Maybe it would have been too perfect for the Phillies and their excited fans. A flu-stricken Ryan Howard hit a pinch-hit three-run homer, which woke the disgruntled Citizens Bank Park crowd tonight and seemed as if it would lift the Phils out of a losing streak.

But the unpleasant reality of this ugly week was renewed when Ryan Madson, substituting at closer for Brad Lidge, surrendered two home runs in the ninth inning, erasing the exciting memory of Howard's seventh-inning homer and resulting in a 6-5 loss to Baltimore. It was the Phillies' fifth consecutive defeat.

Madson gave up a solo home run to Baltimore's Gregg Zaun with one out in the ninth. Pinch-hitter Oscar Salazar singled with two outs. A slumping Brian Roberts then hit a two-run homer with two outs to provide the winning margin.

The Phillies are 1-7 on this homestand, which concludes today against the Orioles.

Battling a 104-degree fever, Howard checked into the hospital early yesterday morning and did not leave until the afternoon. His consecutive-games-played streak of 343 games (after tonight) was in jeopardy.

Howard joked with reporters and teammates before the game, but declined to answer questions about why he was not in the lineup.

Greg Dobbs started at first, and Matt Stairs batted in Howard's customary fourth spot in the lineup. Paul Bako also made his first start of the season, catching and batting eighth.

"[Howard] was pretty sick," Phillies manager Charlie Manuel said before the game.

Howard's streak is the longest active stretch in the major leagues. He has played every game since May 25, 2007.

Manuel said the consecutive-games-played streak was a function of Howard's distaste for rest.

"He doesn't like taking days off," Manuel said before the game. "Actually, this year I don't think I've ever walked up and asked him, 'How do you feel?' or 'Do you feel like you might need a blow?' I haven't done that to him, because almost every time I gave him a day off, he actually came to me and said, 'I can play.' I remember resting him against Randy Johnson. He told me, 'Charlie, I want to play against him. That's a challenge, for me to face Randy Johnson.' "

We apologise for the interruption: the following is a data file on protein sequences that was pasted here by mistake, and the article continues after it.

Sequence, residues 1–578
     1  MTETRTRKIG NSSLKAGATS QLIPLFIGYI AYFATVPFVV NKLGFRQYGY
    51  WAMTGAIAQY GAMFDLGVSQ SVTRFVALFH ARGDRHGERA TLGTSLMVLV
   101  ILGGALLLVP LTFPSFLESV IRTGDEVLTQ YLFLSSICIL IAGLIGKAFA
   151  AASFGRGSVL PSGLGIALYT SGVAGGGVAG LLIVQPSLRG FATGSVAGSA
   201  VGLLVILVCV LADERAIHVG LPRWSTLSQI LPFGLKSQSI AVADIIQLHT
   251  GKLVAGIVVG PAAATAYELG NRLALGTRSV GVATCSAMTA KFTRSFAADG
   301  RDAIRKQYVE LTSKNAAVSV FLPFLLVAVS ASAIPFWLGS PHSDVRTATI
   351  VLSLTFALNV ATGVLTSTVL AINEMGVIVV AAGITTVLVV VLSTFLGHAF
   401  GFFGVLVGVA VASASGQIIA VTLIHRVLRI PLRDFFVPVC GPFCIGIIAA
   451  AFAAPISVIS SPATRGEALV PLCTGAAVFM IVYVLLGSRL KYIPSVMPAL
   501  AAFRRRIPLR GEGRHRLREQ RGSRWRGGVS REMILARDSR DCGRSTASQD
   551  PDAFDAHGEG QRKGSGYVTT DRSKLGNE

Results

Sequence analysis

For six innings, the offense missed Howard, mustering just two hits off rookie starter Brad Bergesen. He flustered a makeshift Phillies lineup, retiring 10 consecutive batters between Dobbs' second-inning single and Bako's single to lead off the sixth.

Shane Victorino led off the seventh with a double and scored when Chase Utley followed by doing the same. Utley moved to third on Stairs' single. After Jayson Werth popped up, Dobbs singled in the Phils' second run.

Pedro Feliz flied to center, bringing up Bako's spot in the order. But a visceral roar rose in the ballpark as Howard ambled up the dugout steps, took several practice swings, and stepped to the plate. He sent a 1-1 fastball from reliever Danys Baez over the center-field wall, drawing a long and loud ovation that ended in a curtain call.

The comeback, though it did not last, was made possible by a characteristic performance from starter J.A. Happ. Far from dominant but consistently resilient, Happ allowed 10 hits in six innings, managing many times to halt Baltimore rallies. He ended up surrendering just two runs.

The first inning was characteristic of his night. Roberts hit a leadoff single and was erased on a double play, but the next three batters reached, on two walks and a single. After falling behind 2-0 to Luke Scott and risking another early deficit for the Phils, Happ struck out Scott to leave the bases loaded.

The Phils' strong defense reemerged after a rough week to save Happ in the second. Zaun led off with a single and moved to third on a base hit by the next batter, Robert Andino. Bergesen then popped up a bunt attempt behind home plate toward the third-base side.

Bako, making his first start of the season on his 37th birthday, dove and snagged the ball for the first out. Roberts then flied to right, and Werth's strong throw kept Zaun at third. When Happ finally allowed a run, it was not a jam but an infield single followed by an Aubrey Huff RBI double with one out in the fifth that put Baltimore up, 1-0. Huff went to third on a Ty Wigginton single.

Happ continued to pitch effectively with men on, retiring the next two batters. But he allowed a leadoff double the next inning to Andino, who later scored on a sacrifice fly.

Though he held the Orioles scoreless in the early part of the game, Happ allowed the leadoff batter to reach in four of six innings, lifting his pitch count to 109 by the end of the sixth. Chad Durbin walked in a run in the seventh to make it 3-0 Baltimore.